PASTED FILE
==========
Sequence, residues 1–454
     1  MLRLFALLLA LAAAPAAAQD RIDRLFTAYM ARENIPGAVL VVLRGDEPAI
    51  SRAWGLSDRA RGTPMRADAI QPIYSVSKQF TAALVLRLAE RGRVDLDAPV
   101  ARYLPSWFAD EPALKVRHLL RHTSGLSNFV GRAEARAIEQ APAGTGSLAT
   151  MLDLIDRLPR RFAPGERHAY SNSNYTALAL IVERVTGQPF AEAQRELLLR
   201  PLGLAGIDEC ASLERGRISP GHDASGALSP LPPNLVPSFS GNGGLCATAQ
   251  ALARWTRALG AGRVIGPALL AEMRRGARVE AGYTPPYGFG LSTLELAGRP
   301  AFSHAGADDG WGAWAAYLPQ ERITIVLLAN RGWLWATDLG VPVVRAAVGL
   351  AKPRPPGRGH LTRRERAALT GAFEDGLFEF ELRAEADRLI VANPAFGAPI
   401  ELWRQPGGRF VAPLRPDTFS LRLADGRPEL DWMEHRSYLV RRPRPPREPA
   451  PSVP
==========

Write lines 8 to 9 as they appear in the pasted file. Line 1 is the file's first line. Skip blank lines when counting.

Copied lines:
   301  AFSHAGADDG WGAWAAYLPQ ERITIVLLAN RGWLWATDLG VPVVRAAVGL
   351  AKPRPPGRGH LTRRERAALT GAFEDGLFEF ELRAEADRLI VANPAFGAPI